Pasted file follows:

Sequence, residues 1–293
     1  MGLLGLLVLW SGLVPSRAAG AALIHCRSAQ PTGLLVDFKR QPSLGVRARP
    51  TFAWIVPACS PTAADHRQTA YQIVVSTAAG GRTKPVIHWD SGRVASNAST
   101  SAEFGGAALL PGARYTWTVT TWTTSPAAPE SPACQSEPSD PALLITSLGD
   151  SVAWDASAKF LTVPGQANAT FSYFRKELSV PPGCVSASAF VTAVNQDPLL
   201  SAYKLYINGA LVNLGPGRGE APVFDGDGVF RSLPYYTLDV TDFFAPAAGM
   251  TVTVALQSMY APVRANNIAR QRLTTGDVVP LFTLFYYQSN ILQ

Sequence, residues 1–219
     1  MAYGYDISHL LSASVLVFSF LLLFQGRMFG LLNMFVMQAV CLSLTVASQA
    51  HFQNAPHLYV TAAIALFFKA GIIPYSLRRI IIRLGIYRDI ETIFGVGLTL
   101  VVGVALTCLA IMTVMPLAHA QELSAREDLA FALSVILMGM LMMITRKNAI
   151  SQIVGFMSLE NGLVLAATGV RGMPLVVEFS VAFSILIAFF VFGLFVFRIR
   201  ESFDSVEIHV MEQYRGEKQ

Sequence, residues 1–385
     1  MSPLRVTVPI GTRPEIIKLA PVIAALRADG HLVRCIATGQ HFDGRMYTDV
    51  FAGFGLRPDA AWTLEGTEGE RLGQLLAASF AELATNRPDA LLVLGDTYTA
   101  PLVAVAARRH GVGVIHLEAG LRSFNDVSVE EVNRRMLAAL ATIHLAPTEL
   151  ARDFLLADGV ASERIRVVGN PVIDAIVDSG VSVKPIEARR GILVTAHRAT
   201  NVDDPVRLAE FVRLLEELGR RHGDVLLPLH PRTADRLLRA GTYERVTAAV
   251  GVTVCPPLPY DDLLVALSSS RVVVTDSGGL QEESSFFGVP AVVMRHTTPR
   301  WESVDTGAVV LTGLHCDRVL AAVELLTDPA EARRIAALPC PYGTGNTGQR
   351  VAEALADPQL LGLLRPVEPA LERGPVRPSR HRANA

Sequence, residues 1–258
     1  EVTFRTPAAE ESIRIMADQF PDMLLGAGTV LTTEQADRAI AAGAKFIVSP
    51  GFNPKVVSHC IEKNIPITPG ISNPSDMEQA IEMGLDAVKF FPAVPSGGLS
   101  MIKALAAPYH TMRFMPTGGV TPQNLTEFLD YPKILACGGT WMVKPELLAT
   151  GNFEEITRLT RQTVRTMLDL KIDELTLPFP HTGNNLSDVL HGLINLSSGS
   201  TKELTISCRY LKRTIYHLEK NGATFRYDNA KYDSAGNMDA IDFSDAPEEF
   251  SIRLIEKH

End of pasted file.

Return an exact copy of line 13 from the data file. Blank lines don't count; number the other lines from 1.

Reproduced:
   201  ESFDSVEIHV MEQYRGEKQ